Trixie Deckert Hennig is the author of the hEarItAbility series of books which teach musicians to play by ear using an innovative “Eyes and Ears” approach. We invited her to tell us a bit about this new approach and share some tips on ear training and learning to play music by ear.
First of all, could you tell us a bit about yourself, and your musical background?
I started studying piano at the age of seven, eventually obtaining an Associate degree with Conservatory Canada (then, the Western Board of Music) studying with Maria Thompson, Eva Thompson, Diane Ferguson and Alexandra Munn, a Bachelor of Arts Honours degree from the University of Alberta studying with Marek Jablonski and Haley Simons and an Education degree from Concordia University College (Edmonton).
I enjoyed many successful festival performances, accompanying choirs, playing as an orchestral pianist for musicals and playing for church. I began teaching at the age of 14 and have enjoyed exposing many students (young and old!) to the world of music and piano. I have taught in the classroom and as school music specialist from Kindergarten to Grade 12. My goal is to have fun while working toward quality performances!
Currently, I teach private and group lessons, help organize a local piano festival and play for various local activities (church services, weddings, funerals), as I raise our three young children (ages 6, 4 and 1).
So tell us: why is learning music by ear important to musicians today?
Part of the joy of learning to play an instrument is the act of playing! To sit down and just enjoy time with your instrument, separate from practice, is part of the reward for learning.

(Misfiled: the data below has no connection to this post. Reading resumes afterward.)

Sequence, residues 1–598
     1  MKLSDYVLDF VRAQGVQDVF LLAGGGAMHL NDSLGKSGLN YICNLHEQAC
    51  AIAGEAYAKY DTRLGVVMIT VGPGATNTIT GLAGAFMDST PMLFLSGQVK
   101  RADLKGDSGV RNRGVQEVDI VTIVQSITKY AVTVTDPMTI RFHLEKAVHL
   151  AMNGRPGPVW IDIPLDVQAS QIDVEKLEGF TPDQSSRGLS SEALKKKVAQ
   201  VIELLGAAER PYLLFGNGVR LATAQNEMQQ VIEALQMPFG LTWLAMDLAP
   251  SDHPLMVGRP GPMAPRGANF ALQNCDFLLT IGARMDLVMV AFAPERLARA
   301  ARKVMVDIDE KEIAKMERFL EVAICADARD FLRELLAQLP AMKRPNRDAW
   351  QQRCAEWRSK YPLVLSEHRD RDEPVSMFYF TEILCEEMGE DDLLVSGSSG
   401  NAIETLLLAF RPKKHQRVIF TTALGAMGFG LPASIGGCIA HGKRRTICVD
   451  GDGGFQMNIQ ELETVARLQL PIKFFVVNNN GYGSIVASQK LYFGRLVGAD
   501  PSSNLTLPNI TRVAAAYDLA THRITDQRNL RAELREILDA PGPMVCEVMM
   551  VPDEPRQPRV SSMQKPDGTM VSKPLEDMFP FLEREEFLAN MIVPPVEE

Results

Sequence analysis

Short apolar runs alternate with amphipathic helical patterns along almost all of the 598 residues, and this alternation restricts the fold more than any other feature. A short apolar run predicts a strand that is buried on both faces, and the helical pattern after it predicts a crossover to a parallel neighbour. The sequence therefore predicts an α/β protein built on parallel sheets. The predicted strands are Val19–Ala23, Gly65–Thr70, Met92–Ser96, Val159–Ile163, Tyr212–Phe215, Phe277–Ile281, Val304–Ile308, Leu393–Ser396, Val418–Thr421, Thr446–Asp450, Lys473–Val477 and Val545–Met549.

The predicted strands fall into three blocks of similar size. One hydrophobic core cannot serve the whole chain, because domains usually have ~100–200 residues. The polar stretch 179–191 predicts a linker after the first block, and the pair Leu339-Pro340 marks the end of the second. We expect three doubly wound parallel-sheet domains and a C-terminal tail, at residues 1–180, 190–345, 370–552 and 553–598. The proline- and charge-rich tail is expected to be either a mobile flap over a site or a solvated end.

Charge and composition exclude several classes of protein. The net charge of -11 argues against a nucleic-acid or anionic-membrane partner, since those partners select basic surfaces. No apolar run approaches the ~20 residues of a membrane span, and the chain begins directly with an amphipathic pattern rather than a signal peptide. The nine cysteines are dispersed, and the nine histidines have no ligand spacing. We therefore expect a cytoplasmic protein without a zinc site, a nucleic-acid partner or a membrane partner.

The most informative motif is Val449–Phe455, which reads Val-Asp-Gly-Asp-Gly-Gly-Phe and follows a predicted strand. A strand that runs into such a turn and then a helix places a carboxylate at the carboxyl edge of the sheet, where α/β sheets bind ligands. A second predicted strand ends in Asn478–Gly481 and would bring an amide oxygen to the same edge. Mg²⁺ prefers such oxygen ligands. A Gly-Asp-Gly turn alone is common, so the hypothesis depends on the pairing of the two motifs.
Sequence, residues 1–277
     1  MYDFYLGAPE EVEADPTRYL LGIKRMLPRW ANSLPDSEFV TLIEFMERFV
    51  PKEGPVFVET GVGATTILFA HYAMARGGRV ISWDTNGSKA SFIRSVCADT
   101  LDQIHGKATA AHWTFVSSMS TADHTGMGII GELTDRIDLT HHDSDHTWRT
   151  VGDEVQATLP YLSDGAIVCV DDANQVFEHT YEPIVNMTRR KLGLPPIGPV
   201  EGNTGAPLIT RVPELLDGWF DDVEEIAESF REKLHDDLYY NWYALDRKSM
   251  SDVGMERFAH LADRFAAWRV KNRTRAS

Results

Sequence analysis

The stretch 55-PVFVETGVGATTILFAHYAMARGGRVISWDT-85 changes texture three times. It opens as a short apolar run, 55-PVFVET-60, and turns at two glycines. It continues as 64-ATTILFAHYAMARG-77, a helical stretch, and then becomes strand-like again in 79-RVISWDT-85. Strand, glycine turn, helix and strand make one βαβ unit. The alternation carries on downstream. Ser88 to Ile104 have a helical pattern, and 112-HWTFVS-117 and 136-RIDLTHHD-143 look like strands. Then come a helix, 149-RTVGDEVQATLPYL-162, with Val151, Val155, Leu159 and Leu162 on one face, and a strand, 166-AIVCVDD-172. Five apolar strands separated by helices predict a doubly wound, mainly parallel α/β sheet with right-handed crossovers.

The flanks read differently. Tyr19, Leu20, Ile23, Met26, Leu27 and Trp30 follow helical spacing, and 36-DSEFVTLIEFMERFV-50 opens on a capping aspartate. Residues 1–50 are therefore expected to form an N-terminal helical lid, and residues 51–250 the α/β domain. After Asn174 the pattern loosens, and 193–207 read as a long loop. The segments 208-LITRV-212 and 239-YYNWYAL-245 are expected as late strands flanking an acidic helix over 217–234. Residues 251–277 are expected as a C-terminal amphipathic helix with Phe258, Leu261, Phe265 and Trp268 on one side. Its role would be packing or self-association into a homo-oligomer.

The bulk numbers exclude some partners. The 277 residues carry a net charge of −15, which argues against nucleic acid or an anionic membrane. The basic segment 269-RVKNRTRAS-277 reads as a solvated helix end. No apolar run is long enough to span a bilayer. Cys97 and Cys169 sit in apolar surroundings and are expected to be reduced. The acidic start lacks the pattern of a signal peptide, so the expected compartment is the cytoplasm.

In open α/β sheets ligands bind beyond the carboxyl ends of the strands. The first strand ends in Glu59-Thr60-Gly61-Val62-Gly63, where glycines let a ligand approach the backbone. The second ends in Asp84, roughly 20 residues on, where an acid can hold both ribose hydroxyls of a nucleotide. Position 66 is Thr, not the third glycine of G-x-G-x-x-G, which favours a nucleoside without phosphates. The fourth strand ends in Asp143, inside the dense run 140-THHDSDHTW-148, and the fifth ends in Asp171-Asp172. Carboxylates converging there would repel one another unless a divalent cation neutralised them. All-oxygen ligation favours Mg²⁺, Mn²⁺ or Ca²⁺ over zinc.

Those who do not develop the skills to play by ear are left relying on printed music and the process of memorizing someone else’s ideas. One who develops the ability to play by ear is free to “noodle around”, find their way on the keys, reproduce that which is familiar, memorize much more efficiently (when desired) and generally, be able to play for anyone, anywhere, anytime!
Those who do not develop the skills to play by ear are left relying on printed music and the process of memorizing someone else’s ideas.
One who develops the ability to play by ear is free
Today’s musicians need to adapt to an eclectic range of musical styles and be able to create for survival! Many students love to play what is familiar to them and what better avenue than by ear! For musicians to succeed in today’s musical diversity, one must be prepared to play everything from Bach to Beethoven to country to folk to pop and everything in between, including composing and improvising.
Musicians who have well developed ears are in a far better position to succeed and enjoy music! Their musical instincts are heightened and their confidence to try things out and take risks is definitely increased.
There are four phrases I like to use to describe “hEarItAbility”:
- Play It – Write It
- Explore It – Explain It
- Hear It – See It
- Sound it out!
Traditional piano instruction focuses a good amount of time on the visual aspect of music (with the exception of jazz piano). Most students are given printed materials to learn from and play, with most of the work focused on reproducing what is seen – and getting it right. However, music is a language of sound.
With “hEarItAbility”, student encounters at the keyboard are focused on the sounds produced and organizing them into something recognizable through a “trial and error” model. All concepts are explored at the the keyboard and put into the context of music and only then identified, labelled and notated.
The hEarItAbility books unfold in two parts: Ears and Eyes.